I was still able to carry out survey work on a proposed site for a dam because I now owned the land, something that hadn’t escaped the notice of Edward Woods, a fact that he pointed out to me when he threatened me. I spent much of my time at the local library going over old newspaper records of previous floods. These records brought to light some interesting facts, like Burroughs donated food to families affected by the floods and extended interest free loans to those who needed a financial leg up to get back on their feet. The beneficiaries of this generosity showed their thanks by actually voluntarily paying standard bank interest on the loans. Meanwhile Woods Hardware and Building Supplies not only did not give essential materials to effect temporary repairs to make homes liveable, but charged higher than normal interest on loans that people had to take out to buy these materials. Woods Hardware and Building Supplies did very nicely out of the floods.
I also took core samples from either side of the valley at its narrowest point and these showed me that this was the optimal site for a dam.
Another point that came of my research was the fact that the insurance companies did not do the right thing by these families that were hit by the floods. For years they hid behind what was known as the ‘Act of God Clause’. This allowed them to refuse payment on claims as the floods were deemed to be an Act of God, not that the good folk of Woods Ford did anything that bad it could bring down the wrath of the Almighty. Then, following a landmark court decision that effectively wiped out this clause, the insurance companies responded by hiking up the flood cover premiums to the point that most of the affected residents could not afford such cover.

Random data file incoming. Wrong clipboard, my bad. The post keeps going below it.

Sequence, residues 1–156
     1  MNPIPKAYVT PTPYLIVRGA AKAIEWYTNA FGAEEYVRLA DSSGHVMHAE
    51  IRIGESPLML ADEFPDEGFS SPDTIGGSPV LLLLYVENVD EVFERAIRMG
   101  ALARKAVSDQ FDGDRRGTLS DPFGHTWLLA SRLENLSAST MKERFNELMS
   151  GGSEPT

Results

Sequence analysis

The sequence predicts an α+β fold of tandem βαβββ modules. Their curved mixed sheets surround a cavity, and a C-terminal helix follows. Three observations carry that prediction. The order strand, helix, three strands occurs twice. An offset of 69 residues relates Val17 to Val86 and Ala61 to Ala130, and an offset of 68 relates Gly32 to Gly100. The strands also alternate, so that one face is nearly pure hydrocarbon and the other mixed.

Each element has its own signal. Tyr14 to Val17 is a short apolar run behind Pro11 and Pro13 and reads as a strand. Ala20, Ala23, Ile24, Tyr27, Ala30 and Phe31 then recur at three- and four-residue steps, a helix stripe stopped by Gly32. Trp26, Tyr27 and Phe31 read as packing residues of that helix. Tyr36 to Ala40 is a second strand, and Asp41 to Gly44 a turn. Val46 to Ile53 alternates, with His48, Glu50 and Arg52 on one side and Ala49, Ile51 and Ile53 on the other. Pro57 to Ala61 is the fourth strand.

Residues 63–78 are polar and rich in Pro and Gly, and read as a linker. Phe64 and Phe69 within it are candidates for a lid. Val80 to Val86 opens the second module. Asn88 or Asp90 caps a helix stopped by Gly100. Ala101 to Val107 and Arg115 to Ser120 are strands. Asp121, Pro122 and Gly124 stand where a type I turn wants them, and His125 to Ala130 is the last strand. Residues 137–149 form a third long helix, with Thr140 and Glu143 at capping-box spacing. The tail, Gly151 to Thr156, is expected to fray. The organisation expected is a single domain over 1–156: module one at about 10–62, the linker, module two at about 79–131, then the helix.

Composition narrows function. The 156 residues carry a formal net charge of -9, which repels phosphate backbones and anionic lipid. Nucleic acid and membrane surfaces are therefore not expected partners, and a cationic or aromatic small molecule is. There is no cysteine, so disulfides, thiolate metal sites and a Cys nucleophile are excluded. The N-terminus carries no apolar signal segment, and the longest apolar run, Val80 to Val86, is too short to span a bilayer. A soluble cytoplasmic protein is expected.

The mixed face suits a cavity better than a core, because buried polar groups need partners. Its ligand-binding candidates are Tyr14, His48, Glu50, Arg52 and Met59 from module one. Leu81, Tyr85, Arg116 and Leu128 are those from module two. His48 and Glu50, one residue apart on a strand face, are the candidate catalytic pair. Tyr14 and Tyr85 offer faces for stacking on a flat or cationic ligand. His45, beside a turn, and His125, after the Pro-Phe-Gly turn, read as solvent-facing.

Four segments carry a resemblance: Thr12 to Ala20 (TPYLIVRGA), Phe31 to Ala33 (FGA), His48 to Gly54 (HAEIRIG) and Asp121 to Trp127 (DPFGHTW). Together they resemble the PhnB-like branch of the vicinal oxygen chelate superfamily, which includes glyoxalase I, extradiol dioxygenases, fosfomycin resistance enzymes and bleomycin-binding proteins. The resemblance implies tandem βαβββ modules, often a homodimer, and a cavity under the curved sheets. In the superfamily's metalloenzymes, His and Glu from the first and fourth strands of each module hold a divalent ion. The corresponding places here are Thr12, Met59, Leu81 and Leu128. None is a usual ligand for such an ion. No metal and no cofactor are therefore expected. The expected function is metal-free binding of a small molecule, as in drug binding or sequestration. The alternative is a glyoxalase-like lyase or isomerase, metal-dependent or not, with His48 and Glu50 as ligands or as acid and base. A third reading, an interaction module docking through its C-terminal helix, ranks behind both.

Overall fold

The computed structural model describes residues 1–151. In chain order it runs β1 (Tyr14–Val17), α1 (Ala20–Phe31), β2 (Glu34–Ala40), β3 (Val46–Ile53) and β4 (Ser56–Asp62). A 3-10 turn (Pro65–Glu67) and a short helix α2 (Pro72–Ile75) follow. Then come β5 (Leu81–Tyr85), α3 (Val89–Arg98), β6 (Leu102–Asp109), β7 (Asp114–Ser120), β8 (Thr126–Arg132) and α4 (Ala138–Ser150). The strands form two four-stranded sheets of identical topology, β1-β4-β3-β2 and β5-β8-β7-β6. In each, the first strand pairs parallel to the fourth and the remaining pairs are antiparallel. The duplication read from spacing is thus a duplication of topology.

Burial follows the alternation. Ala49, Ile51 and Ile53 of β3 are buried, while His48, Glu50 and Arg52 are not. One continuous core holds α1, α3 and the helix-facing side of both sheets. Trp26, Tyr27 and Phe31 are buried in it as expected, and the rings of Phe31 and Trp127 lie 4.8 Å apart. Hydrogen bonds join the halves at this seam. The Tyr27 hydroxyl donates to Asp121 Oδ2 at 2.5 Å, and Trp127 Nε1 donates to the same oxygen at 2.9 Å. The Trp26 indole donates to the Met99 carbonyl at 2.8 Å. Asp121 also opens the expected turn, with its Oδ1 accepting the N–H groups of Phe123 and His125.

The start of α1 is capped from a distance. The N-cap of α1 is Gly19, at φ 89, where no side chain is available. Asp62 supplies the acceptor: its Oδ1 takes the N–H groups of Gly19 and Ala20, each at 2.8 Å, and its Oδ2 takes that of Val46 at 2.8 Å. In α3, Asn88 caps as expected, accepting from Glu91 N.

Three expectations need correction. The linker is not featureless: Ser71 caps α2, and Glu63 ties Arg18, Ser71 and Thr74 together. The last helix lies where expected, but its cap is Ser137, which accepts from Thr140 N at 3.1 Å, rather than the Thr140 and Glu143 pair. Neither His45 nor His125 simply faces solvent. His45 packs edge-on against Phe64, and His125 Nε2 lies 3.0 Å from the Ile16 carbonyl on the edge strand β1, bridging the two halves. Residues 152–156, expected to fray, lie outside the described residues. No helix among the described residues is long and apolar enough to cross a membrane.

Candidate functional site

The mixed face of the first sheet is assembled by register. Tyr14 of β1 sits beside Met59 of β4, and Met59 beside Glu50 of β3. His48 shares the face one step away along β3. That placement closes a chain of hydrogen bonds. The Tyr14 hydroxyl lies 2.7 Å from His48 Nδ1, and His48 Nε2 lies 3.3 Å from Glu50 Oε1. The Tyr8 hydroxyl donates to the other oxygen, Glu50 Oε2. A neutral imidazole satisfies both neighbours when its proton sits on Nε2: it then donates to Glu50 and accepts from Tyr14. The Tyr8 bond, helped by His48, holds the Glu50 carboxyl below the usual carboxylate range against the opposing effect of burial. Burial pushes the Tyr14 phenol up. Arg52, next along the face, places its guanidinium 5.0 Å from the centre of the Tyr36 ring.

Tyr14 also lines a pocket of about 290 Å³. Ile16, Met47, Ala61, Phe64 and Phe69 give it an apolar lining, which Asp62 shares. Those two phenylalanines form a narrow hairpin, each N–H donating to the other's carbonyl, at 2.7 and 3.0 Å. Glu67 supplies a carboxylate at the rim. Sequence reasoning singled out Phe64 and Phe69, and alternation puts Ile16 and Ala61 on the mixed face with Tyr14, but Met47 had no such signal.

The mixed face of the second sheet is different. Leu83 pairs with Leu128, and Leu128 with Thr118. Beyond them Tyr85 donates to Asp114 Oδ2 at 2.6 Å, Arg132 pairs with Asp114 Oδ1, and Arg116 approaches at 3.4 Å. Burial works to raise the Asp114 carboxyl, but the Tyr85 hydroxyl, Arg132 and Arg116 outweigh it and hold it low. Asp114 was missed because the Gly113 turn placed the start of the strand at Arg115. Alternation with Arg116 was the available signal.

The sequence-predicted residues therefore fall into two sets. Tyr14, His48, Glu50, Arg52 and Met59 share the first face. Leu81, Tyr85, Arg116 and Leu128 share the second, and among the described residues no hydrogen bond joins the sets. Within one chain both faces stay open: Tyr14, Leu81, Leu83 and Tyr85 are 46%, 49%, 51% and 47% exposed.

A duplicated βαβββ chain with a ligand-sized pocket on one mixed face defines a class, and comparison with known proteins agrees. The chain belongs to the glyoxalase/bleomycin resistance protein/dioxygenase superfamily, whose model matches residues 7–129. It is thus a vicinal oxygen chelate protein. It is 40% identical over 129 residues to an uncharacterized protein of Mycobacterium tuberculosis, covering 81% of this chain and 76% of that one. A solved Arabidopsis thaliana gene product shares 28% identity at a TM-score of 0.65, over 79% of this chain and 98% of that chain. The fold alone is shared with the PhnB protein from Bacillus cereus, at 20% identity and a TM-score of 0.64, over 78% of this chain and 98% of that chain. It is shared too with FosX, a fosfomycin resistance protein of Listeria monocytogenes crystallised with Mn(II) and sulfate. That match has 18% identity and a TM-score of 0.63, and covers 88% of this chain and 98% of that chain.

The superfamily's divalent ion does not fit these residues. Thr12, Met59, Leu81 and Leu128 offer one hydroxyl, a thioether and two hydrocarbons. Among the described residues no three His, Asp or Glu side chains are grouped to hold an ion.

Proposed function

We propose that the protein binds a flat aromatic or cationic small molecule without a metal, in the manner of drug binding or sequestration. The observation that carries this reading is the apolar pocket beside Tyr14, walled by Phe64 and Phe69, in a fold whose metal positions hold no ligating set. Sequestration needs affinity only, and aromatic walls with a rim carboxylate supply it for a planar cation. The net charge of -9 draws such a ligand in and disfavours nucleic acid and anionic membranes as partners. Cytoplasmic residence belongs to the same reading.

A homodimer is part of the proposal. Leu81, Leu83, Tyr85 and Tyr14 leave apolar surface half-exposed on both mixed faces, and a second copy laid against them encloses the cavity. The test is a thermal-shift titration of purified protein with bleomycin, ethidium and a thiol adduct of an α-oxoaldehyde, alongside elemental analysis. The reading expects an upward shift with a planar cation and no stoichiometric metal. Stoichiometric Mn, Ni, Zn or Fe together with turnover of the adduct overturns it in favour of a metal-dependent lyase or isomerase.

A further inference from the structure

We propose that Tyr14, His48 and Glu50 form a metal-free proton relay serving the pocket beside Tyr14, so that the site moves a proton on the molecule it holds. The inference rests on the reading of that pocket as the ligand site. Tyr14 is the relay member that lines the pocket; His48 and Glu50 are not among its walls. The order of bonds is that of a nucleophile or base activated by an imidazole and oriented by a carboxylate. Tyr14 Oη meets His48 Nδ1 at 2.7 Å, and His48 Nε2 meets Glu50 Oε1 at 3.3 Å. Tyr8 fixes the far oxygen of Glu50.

I had gathered a pile of clippings that I needed copied so I took them over to the information desk. “Excuse me, do you have a photocopier?” I asked the young lady who was sorting through file records on her computer.
“Yes we do.”
“May I use it to copy these clippings?”
“Sure, I’ll just fire it up for you, it’ll take a little while to warm up, we don’t use it often enough to keep it running all the time. You’re the man that bought the Burroughs place aren’t you?”
“Yes, I hope that you’re not going to heap a load of abuse onto me for doing that, are you?”
“No, in fact I want to say thank you for buying it.”
“Why would you want to do that? Everyone else hates me for it.”
“They don’t know the full story.”
“Which is?” I was curious, here was someone who didn’t hate me on sight.
“Woods wanted that land, but had offered the banks a price lower than what the banks needed to cover the mortgages and then you came along and offered a higher price. You still managed to get it at a price considerably lower than what it was worth. I can’t blame you for doing that, I blame the banks, they could have placed a more realistic valuation on it.”